We also investigated the effects of Notch inhibition by DAPT. RT-PCR analyses for the expressions of neuroprogenitor marker genes and Notch-related genes showed that DAPT treatment of NESs resulted in a marked change in the gene expression profile (Figure 3D). In general, Notch inhibition induces neuroprogenitor cells to differentiate to neuronal cells in vertebrate and invertebrate (for review, see [3]). We examined whether the hESC-derived NESs displayed a similar trend of differentiation. Immunostaining of the DAPT-treated NESs for 4 days showed that neurite formation was markedly increased compared with the DMSO control, as shown by α-TUJ1 antibody staining (Figure 4A). We counted the number of TUJ1-positive cells after dissociation of NESs into single cells. The proportion of TUJ1-positive cells was 4.2 ± 1.8% (mean ± standard deviation) and 31.5 ± 8.1% in DMSO control and DAPT-treated NESs, respectively (p < 0.005; Figure 4B). As a reference, the proportion of Nestin-positive cells was 76.2 ± 3.7%and 32.6 ± 9.2% in DMSO control and DAPT group, respectively (p < 0.001; Figure 4C). Western-blot analyses showed that expression levels of neuronal markers such as TUJ1 and MAP2 were increased in DAPT-treated NESs, while not the levels of glial markers such as GFAP, S100, NG2 and CNPase (inset in Figure 4B). These results indicate that DAPT-mediated Notch inhibition enriches neuronal cell population in the NESs.

Figure 4
figure 4

Inhibition of Notch signaling directs cells of neuroectodermal spheres to differentiate into neuronal cells. (A) Immunostaining of attached NESs for TUJ1. NESs derived from H9 hESCs were treated with DMSO or DAPT for 4 days and stained for TUJ1 (green). Images of NESs are shown in parts in a and b or as whole clumps in c and d. In d, two consecutive pictures separately taken are combined. (B-C) Measurement of TUJ1-positive cells after DAPT treatment. NESs cultured in the NSM containing DMSO (solid bars) or DAPT (gray bars) for 4 days were dissociated into single cells and attached on the matrigel-coated coverslip before immunostaining for TUJ1 (B) and Nestin (C). The number of positively stained cells relative to DAPI-positive cells was calculated. The values denote mean ± standard deviation and there are significant differences between the control and the DAPT-treated groups (p < 0.005 for TUJ1 and p < 0.001 for Nestin). Experiments were independently performed five times and 2087 cells in total were counted. Results of Western-blot analyses of DMSO control and DAPT treated samples are shown in the boxes, in agreement with the results of cell counting. TUJ1 and MAP2 are neuronal markers, and S100, GFAP, NG2 and CNPase are glial markers. α-Tubulin, a control for the bands in B and C. (D) Enrichment of neurite bundles by withdrawal of growth factors. The rosettes structures are clear, regardless of GF presence (arrowheads) but not visible in the DAPT-treated samples. Neurite formation was markedly accelerated in the DAPT-treated NESs after withdrawal of growth factors such as bFGF, LIF and EGF (arrows). Such neurite bundles are rarely seen in DAPT-treated NESs in the presence of growth factors. Scale bars, 200 μm in A and 500 μm in D.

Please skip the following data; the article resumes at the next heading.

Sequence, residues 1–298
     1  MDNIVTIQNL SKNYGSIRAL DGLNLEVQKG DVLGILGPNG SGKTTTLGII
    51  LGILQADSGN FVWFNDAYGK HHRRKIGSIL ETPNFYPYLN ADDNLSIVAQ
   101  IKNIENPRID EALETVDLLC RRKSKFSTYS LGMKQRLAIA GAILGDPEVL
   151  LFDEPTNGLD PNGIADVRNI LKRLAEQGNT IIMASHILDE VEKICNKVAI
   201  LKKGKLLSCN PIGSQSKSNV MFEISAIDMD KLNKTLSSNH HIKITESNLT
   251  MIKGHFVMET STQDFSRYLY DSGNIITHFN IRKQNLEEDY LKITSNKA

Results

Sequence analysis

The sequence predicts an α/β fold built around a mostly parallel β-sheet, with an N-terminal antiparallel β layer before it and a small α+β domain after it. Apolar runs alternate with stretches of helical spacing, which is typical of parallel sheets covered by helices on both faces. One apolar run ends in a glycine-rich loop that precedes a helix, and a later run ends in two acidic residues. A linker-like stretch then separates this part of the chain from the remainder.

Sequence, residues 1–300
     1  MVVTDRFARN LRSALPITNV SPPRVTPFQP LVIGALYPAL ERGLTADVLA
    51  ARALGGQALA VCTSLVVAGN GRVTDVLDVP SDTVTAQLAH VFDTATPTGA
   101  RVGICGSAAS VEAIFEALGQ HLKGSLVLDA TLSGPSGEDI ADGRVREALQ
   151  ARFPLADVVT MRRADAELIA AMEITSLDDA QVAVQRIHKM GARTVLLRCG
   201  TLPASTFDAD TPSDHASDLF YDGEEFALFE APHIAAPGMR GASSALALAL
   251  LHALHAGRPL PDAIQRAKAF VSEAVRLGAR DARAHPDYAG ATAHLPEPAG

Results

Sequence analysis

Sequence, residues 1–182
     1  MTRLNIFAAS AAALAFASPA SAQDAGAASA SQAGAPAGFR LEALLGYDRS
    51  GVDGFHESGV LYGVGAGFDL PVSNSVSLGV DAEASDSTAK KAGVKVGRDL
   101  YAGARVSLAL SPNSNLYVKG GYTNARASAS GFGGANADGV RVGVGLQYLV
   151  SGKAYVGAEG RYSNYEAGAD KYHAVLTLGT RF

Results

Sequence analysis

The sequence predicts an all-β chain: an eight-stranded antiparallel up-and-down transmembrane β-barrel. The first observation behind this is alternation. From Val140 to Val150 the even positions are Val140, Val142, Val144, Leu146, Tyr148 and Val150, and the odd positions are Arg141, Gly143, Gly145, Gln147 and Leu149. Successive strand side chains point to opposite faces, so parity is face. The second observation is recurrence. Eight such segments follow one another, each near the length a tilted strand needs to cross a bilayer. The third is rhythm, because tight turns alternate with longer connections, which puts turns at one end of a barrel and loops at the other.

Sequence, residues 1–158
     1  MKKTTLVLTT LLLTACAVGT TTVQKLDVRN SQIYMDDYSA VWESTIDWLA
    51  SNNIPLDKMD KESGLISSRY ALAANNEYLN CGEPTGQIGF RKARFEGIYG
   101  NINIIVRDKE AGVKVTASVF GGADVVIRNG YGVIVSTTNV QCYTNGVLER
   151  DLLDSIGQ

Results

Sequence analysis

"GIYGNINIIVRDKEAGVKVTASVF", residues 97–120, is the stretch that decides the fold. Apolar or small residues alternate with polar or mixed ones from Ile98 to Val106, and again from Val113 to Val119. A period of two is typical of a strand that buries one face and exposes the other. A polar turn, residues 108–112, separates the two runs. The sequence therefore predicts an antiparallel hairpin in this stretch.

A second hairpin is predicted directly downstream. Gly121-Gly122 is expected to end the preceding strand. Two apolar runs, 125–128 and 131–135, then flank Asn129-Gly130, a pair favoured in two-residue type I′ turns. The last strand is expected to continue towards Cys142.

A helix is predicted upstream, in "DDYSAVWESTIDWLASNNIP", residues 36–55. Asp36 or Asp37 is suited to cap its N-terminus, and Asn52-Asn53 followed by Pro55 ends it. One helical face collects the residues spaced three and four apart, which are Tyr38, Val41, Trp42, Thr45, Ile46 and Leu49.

Moreover, withdrawal of growth factors (GFs) such as fibroblast growth factor 2 (FGF2), leukemia inhibitory factor (LIF) and epidermal growth factor (EGF) [41] from the NSM furthered differentiation of the hESC-derived NESs into neuronal cells (Figure 4D), agreeing with previous reports [42, 43]. In the absence of GFs, DAPT treatment resulted in accumulation of neurite bundles about NESs (see arrows in Day8 and Day12), in contrast to the samples treated with both GF and DAPT in which neurite bundles were hardly detected. These results coincided with the RT-PCR result in Figure 3D where Notch inhibition resulted in silencing HES1 and HES5 genes, which in turn continued to de-repress pro-neuronal genes such as NGN1 and MASH1 [29, 38]. Meanwhile, the GF-negative DMSO control at day 8 and 12 still possessed rosettes, the sizes of which, however, were tiny compared with those of GF-positive DMSO control. This leads to a speculation that small-sized rosettes are supposed to be gradually fused together to large-sized ones and, in this process, GFs play roles in facilitating the presumable fusion event among individual rosettes. Together, our results indicate that inhibition of Notch signaling disturbs the self-renewal of neuroprogenitors in the hESC-derived NESs and leads ultimately to differentiation to neuronal cells. However, we should keep in mind that the γ-secretase that is inactivated by DAPT not only cleaves Notch receptors but also other proteins (for review, see [44]). For confirmation that Notch inhibition indeed directs neuronal differentiation, evidence needs to be provided supporting that the DAPT effects on rosette structure can be rescued with exogenous NICD expression in DAPT-treated cultures, or be mimicked by knockdown experiments for NICD or RBP.